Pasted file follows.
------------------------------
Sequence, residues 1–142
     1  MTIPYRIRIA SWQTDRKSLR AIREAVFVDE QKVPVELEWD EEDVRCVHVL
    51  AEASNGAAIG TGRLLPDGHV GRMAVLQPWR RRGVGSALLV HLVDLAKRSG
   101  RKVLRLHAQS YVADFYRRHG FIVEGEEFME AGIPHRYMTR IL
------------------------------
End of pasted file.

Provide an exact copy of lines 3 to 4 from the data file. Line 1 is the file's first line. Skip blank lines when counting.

    51  AEASNGAAIG TGRLLPDGHV GRMAVLQPWR RRGVGSALLV HLVDLAKRSG
   101  RKVLRLHAQS YVADFYRRHG FIVEGEEFME AGIPHRYMTR IL